What is meant by the term “mixed dementia?”

Mixed dementia is a term used when someone has more than one type of dementia. Most commonly, mixed dementia is the terminology used when an someone has been diagnosed with both Alzheimer’s disease and vascular dementia. However, it can also refer to a combination of Alzheimer’s disease and any other type of dementia. Physicians sometimes call this condition “Dementia-multifactorial.”

The determination of “mixed dementia” is often hard to validate, and is infrequently diagnosed. Traditionally, physicians identify one type of dementia, usually Alzheimer’s or vascular dementia. However, researchers are increasingly discovering that many individuals who have been diagnosed with one type of dementia may also have another kind. Alzheimer’s disease, vascular dementia and even Lewy body dementia have all been discovered in combinations through autopsies. One study by the National Institute on Aging revealed that in 94 percent of the participants who had been diagnosed with Alzheimer’s, their autopsies showed 54 percent also had another type of dementia.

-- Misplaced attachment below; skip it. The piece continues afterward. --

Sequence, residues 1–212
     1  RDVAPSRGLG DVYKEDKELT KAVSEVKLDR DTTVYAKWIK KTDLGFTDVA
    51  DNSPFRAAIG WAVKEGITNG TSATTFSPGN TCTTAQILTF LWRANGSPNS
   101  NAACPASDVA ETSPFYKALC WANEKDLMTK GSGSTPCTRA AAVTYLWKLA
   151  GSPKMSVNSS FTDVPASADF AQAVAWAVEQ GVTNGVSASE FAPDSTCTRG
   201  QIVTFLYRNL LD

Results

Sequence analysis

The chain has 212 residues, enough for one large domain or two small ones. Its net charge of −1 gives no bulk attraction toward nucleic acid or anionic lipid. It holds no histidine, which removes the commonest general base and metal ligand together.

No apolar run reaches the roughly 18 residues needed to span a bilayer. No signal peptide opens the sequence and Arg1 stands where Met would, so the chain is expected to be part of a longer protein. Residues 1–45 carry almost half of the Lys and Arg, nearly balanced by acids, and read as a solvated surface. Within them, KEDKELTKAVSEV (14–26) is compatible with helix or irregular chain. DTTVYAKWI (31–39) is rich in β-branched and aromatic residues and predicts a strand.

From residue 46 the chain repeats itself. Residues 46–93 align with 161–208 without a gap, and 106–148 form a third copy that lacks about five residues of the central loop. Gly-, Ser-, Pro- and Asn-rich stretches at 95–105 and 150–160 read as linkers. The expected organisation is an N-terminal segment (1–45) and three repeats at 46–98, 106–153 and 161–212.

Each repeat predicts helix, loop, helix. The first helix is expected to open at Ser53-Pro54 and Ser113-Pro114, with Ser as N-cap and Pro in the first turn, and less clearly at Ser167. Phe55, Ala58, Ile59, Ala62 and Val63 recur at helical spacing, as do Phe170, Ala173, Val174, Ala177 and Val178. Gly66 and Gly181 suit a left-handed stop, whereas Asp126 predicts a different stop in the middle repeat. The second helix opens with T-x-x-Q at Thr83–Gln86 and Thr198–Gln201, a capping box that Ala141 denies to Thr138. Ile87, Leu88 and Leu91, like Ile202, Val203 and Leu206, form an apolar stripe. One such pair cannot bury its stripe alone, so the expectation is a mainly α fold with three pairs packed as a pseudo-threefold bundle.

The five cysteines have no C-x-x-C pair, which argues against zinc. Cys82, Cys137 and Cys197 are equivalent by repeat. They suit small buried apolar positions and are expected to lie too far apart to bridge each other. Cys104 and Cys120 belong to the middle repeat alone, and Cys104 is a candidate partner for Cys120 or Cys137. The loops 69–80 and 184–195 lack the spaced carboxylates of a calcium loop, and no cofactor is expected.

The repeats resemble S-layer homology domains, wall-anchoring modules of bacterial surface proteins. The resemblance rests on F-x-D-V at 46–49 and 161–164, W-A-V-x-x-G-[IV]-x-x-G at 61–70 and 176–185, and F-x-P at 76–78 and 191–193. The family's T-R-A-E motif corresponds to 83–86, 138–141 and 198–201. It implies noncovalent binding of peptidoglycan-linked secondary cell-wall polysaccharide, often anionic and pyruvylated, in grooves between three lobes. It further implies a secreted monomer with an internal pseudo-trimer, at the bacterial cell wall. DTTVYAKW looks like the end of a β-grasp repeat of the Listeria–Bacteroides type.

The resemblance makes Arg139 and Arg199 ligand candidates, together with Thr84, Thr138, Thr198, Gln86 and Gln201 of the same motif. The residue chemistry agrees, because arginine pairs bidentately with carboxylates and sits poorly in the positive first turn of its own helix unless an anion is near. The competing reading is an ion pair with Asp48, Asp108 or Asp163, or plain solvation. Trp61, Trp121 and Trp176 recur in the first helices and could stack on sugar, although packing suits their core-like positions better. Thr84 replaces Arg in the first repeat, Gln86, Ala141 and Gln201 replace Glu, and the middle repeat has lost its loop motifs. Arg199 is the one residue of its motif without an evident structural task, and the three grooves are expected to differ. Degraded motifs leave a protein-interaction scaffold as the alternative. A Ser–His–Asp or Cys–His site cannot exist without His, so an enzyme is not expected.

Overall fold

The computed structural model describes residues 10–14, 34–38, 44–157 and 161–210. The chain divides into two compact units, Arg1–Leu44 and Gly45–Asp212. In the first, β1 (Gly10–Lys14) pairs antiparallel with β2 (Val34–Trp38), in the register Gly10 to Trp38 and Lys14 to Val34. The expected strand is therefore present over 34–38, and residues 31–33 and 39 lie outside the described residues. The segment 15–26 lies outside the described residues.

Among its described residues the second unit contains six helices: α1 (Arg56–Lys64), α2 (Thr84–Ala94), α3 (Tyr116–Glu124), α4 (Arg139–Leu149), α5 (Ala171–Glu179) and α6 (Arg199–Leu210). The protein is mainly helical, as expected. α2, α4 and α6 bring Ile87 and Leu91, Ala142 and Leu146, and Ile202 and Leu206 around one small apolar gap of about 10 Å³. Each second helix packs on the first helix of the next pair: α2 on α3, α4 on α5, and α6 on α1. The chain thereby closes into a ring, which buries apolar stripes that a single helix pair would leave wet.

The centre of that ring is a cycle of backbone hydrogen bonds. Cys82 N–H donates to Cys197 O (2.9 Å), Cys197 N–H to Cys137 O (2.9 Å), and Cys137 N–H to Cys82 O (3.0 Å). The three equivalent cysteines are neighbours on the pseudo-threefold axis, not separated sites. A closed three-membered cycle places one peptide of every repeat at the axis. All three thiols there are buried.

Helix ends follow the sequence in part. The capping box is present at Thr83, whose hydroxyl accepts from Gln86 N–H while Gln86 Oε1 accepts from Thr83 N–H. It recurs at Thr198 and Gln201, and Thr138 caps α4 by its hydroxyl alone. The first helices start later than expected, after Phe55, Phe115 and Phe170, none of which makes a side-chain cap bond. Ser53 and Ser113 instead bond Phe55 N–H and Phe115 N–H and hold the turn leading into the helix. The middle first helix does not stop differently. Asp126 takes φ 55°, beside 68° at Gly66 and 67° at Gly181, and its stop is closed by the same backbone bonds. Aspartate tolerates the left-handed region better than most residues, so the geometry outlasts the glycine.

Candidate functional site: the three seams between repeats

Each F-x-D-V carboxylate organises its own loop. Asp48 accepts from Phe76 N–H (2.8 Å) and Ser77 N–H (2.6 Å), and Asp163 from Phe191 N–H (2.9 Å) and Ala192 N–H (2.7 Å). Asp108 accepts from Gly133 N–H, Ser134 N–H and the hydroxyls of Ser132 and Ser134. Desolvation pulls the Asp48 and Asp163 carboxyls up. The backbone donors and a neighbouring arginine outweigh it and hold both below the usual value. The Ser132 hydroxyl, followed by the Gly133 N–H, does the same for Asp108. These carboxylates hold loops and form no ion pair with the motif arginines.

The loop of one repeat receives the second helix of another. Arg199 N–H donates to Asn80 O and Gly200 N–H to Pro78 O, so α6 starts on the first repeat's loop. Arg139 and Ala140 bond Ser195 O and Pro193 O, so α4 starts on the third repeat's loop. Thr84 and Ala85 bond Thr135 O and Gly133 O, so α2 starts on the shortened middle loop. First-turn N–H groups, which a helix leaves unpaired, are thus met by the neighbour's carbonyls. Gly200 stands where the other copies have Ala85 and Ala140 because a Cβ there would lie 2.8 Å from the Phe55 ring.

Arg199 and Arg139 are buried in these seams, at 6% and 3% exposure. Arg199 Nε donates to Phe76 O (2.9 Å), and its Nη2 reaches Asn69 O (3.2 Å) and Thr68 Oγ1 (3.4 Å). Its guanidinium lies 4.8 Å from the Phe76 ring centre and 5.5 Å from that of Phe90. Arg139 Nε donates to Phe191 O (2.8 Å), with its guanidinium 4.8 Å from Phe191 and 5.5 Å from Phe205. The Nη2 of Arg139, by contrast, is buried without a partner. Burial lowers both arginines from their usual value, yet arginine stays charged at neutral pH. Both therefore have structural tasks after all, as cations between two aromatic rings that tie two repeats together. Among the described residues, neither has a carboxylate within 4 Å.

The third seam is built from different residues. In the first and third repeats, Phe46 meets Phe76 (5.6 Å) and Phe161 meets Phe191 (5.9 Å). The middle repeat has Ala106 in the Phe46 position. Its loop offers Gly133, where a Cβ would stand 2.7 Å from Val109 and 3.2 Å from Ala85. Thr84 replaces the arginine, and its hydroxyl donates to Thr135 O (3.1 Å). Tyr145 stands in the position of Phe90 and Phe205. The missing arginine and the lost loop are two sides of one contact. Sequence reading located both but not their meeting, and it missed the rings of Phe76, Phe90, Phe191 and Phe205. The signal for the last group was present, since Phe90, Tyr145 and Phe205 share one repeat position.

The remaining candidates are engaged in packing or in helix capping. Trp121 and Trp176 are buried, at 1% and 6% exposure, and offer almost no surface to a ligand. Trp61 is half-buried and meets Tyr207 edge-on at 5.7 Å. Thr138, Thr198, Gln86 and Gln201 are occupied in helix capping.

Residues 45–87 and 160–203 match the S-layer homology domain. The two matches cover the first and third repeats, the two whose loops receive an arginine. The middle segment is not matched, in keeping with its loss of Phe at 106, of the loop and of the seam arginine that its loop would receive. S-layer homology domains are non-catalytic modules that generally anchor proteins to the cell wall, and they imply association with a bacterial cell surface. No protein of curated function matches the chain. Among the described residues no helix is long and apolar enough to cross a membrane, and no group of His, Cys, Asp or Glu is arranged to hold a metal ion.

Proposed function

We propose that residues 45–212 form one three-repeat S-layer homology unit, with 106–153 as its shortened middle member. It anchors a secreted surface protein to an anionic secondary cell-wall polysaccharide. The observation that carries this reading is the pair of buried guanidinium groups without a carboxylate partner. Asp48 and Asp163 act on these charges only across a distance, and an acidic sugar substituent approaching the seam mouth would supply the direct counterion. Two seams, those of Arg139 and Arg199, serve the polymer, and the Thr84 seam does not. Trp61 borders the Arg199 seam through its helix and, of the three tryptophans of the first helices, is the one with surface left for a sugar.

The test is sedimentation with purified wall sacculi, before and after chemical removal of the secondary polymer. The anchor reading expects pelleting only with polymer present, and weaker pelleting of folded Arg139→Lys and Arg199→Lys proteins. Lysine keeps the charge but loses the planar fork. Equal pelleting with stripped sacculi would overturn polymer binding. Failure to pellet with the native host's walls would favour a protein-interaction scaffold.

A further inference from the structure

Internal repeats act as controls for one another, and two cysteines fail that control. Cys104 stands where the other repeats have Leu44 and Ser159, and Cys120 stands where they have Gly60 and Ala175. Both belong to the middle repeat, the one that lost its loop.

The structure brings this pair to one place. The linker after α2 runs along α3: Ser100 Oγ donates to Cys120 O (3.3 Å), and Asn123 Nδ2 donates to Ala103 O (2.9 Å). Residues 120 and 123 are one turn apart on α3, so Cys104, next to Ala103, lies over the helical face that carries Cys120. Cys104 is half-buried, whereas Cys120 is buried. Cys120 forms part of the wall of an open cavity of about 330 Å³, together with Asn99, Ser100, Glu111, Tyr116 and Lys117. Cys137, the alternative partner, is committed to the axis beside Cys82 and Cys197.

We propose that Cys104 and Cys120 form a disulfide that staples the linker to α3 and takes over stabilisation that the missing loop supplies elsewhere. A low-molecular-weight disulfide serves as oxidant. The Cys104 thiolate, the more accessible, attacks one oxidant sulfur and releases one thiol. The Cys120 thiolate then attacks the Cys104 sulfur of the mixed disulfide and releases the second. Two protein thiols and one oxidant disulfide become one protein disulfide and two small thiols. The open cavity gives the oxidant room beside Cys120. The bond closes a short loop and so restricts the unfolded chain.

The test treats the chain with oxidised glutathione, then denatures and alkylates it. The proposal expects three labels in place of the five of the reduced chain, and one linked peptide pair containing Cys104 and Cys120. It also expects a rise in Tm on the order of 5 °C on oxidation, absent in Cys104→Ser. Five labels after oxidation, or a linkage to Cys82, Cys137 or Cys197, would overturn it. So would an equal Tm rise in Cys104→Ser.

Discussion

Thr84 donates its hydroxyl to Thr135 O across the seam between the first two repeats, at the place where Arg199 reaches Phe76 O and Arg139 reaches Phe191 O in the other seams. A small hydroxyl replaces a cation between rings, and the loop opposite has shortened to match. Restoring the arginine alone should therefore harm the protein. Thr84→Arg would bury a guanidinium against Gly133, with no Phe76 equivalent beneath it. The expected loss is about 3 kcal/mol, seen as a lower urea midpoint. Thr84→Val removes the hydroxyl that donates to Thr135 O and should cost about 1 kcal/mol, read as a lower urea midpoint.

Those with mixed dementia usually exhibit symptoms similar to Alzheimer’s disease. These symptoms may progress faster or be manifested earlier because the brain is affected by more than one type of dementia and/or the brain is damaged in more than one area. The diagnosis and confirmation of mixed dementia is definitively made after the person’s death.

There are no approved drugs to treat mixed dementia, yet individuals with mixed dementia tend to respond favorably to most medications prescribed for Alzheimer’s disease.

Questions about Alzheimer’s disease or a related dementia disorder? Contact Dana Territo, the Memory Whisperer, Director of Services at Alzheimer’s Services of the Capital Area, (225) 334-7494, advice@alzbr.org, or visit the organization at 3772 North Blvd., Baton Rouge.